Bright Red Blood on Tissue
Volume is key in assessing urgency of care. Slight bleeding can occur following excessive wiping after an incomplete evacuation. Undigested hard fiber can scrape the rectum during a bowel movement. You can also have anal fissures (anal ulcers) as a result of straining.
A swollen internal or external hemorrhoid can rupture to relieve pressure. This might expel a spot of blood before coagulation. In terms of volume, we are talking about less than a quarter teaspoon of blood. Though alarming, these are usually minor, self-resolving conditions.
Oxygenated bright red blood signals a problem within the lower part of the digestive system. Expelling a massive quantity of blood through the rectum requires medical attention. The concern becomes a possible inflammatory bowel diseases such as ulcerative colitis, Crohn’s, or rupture within the intestines, tumor.
Following radiology, a gastroenterologists may guide a camera up through the large intestines in a colonoscopy procedure. A doctor may also trace the source of red bleeding to the small intestines or right side of the colon.
Black Blood on Tissue
Foul-smelling tarry black stools is an indication of bleeding in the upper part of the digestive tract. Vomiting what looks like coffee grinds indicates the same. Stomach acid coagulates the blood and depletes it of oxygen, giving it a tarry or grainy appearance, depending upon the level of digestion.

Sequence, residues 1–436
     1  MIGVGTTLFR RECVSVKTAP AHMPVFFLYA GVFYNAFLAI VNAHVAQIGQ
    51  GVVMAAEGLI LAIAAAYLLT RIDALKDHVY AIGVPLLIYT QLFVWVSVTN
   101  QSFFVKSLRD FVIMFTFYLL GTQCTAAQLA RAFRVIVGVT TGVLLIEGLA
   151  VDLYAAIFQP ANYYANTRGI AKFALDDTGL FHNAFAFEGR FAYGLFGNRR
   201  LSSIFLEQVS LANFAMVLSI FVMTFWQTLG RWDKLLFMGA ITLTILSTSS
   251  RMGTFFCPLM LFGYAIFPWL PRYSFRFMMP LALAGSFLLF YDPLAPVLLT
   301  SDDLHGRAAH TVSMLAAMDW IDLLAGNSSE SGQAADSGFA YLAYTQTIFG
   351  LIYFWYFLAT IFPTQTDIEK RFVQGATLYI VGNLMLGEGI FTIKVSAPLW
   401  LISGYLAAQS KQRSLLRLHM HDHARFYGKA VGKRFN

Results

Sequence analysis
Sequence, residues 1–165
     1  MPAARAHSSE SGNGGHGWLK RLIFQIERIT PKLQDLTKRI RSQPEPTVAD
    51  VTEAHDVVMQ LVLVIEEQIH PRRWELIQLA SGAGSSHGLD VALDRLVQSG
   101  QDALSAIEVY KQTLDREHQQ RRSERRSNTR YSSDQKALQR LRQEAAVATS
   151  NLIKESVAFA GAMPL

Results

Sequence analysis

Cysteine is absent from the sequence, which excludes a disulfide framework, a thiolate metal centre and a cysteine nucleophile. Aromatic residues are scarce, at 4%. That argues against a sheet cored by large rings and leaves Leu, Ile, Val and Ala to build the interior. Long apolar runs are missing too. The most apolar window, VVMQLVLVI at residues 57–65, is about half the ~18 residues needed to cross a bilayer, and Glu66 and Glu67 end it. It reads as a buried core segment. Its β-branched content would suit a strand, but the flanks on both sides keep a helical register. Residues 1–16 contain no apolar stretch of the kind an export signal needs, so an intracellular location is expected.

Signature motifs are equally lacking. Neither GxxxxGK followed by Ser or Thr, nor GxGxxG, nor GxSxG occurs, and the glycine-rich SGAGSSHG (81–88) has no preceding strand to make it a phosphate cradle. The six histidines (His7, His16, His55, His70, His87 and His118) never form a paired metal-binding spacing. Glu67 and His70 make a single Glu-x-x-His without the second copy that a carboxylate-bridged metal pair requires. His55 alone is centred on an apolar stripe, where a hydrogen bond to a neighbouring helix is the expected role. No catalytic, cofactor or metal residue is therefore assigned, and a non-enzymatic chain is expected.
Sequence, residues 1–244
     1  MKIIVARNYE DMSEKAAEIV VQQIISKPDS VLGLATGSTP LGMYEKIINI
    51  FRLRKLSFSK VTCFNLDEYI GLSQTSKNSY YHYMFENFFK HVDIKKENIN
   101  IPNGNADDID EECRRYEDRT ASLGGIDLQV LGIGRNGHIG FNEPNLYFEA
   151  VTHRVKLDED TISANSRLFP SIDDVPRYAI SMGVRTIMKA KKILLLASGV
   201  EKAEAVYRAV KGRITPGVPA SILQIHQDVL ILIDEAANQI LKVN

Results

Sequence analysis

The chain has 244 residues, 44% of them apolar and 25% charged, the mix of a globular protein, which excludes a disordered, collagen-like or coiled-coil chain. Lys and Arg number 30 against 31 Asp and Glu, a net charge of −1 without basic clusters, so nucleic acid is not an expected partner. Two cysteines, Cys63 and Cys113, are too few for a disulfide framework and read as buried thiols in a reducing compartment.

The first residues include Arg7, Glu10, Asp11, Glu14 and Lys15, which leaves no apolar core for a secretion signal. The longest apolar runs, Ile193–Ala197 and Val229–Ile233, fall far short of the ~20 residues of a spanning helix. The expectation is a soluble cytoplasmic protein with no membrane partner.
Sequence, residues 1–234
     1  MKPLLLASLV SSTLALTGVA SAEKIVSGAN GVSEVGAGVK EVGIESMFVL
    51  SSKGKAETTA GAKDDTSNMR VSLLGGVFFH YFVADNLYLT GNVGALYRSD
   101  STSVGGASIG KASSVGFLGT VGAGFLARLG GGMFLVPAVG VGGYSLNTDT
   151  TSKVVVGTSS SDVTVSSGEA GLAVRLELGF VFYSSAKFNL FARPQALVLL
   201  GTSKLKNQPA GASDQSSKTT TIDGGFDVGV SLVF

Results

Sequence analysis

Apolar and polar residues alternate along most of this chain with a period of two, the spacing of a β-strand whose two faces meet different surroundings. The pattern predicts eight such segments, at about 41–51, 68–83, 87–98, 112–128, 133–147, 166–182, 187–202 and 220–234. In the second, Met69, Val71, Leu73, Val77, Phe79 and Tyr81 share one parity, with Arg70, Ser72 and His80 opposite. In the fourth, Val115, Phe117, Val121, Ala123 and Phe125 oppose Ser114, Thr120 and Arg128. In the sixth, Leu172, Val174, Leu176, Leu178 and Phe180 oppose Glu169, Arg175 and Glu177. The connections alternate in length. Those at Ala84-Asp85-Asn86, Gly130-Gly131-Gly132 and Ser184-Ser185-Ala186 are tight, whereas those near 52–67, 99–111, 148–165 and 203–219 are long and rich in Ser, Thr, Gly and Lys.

This is a very serious indication of a possible stomach ulcer. With upper endoscopy or barium radiology, a gastroenterology doctor may look for perforations in the esophagus, stomach, or duodenum.
🫐 Taking iron pills, activated charcoal, or medicines that contain bismuth subsalicylate (such as Pepto-Bismol) or eating black licorice, blueberries, or blood sausage can cause black stools.
Without knowing what it is, most people have no idea how serious tarry stools are. An individual might have more anxiety over the presence of red blood and casually dismiss tarry stools.
Do Not Overreact
Don’t just flush in the dark. Assess what’s going on when you drop a load. Examining toilet tissue provides clues to gastrointestinal health. To minimize blood from friction, use flushable wipes or damp tissues. Health experts recommend notifying your doctor following the presence of blood—regardless of the color. Non-invasive stool kits can perform tests for colon cancer.
Based on the aforementioned patient experience, I monitor the presence of bright red blood before making an emergency call for red sirens. Evaluate quantity, color, and frequency of bleeding. For telemedicine, it might seem gross, but snapping a photo of the tissue allows your doctor to assess the situation remotely.
Bloody Stool Emergencies
- Large amount of red blood
- Recurring spots of blood
- Bleeding with blood thinner Rx
- Black tarry stools
Massive blood loss without coagulation—particularly if on blood-thinning medication—is a medical emergency. Recurring unexplained bright red blood is also a red alert. How will you react if you see the same?